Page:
The topic of nonprofit overhead – the amount a charity spends on administrative expenses – is almost always a hot topic, but this summer it’s even hotter because three of the nation’s biggest nonprofit information providers: GuideStar, Charity Navigator and the BBB Wise Giving Alliance, have issued an open letter to donors calling for an end to the obsession with using a nonprofit’s overhead costs as a sole measurement of an organization’s performance. Several years ago, the Stanford Social Innovation Review called this “The Nonprofit Starvation Cycle” and the topic has been the focus of more than one KNN blog, including one just several weeks ago following a survey we conducted of KY Gives Day participating charities. Like many, I was relieved to see these leading organizations recognize what a dangerous myth this overhead myth has become – actually discouraging many organizations from investing in their own success and sustainability.
In my regular discussions with KNN members, in my consulting work with organizations across Kentucky and in the courses I’ve taught at the University of Kentucky, the issue of what is and is not an appropriate amount of administrative overhead is a frequent topic. Typically, I find that students as well as new board members and some donors are looking for a very clear and set percentage that defines acceptable overhead. Since these individuals are often new to the nonprofit world, this search for an arbitrary yardstick could be expected. My assumption was that most nonprofit executives understand the real costs of doing business and were simply struggling to effectively communicate with donors and some board members that investments in overhead were actually a good thing. Unfortunately, I learned after a recent survey of charities participating in KY Gives Day that isn’t entirely accurate.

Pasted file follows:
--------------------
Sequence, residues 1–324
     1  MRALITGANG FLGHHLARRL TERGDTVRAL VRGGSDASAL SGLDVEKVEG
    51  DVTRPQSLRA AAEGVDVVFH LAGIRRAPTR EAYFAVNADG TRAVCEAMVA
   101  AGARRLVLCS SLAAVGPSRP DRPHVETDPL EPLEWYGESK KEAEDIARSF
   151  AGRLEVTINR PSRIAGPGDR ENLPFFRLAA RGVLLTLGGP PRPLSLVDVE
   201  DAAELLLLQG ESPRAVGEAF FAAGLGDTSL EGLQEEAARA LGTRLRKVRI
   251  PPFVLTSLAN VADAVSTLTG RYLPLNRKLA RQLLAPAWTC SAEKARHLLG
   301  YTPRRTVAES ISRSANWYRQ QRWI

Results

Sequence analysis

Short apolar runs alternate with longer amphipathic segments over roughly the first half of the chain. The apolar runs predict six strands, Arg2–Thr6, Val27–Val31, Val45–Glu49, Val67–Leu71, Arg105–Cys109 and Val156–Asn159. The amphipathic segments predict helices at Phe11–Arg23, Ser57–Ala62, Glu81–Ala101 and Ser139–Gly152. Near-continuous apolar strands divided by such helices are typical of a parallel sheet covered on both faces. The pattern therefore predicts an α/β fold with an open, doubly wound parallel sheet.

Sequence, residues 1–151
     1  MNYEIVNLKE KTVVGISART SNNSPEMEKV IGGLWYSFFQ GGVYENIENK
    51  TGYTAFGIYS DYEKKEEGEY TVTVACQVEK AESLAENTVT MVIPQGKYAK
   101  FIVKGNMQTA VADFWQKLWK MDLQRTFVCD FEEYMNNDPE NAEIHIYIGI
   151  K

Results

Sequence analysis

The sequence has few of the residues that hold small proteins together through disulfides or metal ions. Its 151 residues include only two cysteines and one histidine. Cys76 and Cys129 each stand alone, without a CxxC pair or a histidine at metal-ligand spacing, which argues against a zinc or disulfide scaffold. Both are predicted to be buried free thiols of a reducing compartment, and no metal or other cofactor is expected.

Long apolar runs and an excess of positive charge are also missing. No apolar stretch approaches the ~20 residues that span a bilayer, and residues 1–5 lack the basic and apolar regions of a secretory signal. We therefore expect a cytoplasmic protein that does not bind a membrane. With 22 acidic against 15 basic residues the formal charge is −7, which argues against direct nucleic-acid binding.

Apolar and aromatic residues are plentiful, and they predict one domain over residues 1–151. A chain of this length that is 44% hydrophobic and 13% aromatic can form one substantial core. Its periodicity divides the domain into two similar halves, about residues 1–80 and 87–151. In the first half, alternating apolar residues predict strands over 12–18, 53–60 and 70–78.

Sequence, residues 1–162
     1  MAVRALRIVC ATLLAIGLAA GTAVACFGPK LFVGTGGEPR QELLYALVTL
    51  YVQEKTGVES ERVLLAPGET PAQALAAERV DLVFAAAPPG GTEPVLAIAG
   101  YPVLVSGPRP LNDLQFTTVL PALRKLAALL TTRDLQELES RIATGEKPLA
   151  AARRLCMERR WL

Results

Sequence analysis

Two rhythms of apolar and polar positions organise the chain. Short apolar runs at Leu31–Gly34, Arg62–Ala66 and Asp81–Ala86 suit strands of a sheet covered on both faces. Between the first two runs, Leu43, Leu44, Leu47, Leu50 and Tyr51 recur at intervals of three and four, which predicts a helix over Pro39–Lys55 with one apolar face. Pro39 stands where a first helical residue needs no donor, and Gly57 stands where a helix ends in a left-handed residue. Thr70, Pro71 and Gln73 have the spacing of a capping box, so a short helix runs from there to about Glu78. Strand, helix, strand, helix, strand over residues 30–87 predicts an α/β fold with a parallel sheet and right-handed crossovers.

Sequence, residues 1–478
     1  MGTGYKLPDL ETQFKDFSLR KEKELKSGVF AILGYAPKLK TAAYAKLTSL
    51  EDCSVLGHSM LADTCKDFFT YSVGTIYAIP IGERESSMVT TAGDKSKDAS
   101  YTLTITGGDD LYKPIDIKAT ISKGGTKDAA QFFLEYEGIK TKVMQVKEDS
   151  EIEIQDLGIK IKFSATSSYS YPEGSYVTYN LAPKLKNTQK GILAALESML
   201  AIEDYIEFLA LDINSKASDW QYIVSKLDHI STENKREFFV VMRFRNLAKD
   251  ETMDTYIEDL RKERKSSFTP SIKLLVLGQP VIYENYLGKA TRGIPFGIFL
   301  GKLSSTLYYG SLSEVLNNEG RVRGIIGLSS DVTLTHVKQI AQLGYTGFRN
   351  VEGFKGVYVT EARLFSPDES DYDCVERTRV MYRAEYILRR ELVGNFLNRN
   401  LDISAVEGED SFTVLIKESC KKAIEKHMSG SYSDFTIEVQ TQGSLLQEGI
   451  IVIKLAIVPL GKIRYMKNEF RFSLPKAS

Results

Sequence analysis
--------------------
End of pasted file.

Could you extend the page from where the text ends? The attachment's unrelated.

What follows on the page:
While only a handful of nonprofit executives responded negatively in the survey about the KY Gives Day 5.9% credit card and event management processing fee, it still left me wondering: if we as nonprofit leaders cannot or will not understand the investment of time, money, resources and strategy required to generate needed funds for our missions, will we ever be able to help the public understand and really support the work of the nonprofit community? Given that Charity Navigator reports the average charity spends $1.33 to raise $1 with a special event and acquiring new donors via direct mail typically costs over $1 for every dollar raised, we knew that the KY Gives Day investment was incredibly affordable. I was frustrated because if we as nonprofit leaders (staff, board members, etc.) don’t understand that money doesn’t just fall from the sky, programs don’t just run themselves and lives aren’t just “changed” – can donors or prospective donors truly understand and advocate for those we serve? Nonprofits have to pay staff to do the work – create and implement programs, serve people, pay the bills, clean the place up, coordinate efforts to raise money, handle communications, etc. These tasks all require resources. Even if you are trying to pull it off with only volunteer labor, some money is essential. And furthermore, I challenge each of us to consider: if an organization is continuing to scrape by on a shoestring, how effective is it – really?